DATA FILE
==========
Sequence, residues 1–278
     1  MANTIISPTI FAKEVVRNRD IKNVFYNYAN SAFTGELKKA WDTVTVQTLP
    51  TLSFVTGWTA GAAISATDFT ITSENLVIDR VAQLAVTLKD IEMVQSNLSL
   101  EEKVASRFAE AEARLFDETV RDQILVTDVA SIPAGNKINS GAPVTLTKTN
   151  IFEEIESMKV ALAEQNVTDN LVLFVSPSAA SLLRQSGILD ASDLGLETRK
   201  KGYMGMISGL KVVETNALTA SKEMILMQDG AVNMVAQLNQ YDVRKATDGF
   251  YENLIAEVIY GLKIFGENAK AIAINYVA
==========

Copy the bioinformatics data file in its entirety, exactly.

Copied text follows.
Sequence, residues 1–278
     1  MANTIISPTI FAKEVVRNRD IKNVFYNYAN SAFTGELKKA WDTVTVQTLP
    51  TLSFVTGWTA GAAISATDFT ITSENLVIDR VAQLAVTLKD IEMVQSNLSL
   101  EEKVASRFAE AEARLFDETV RDQILVTDVA SIPAGNKINS GAPVTLTKTN
   151  IFEEIESMKV ALAEQNVTDN LVLFVSPSAA SLLRQSGILD ASDLGLETRK
   201  KGYMGMISGL KVVETNALTA SKEMILMQDG AVNMVAQLNQ YDVRKATDGF
   251  YENLIAEVIY GLKIFGENAK AIAINYVA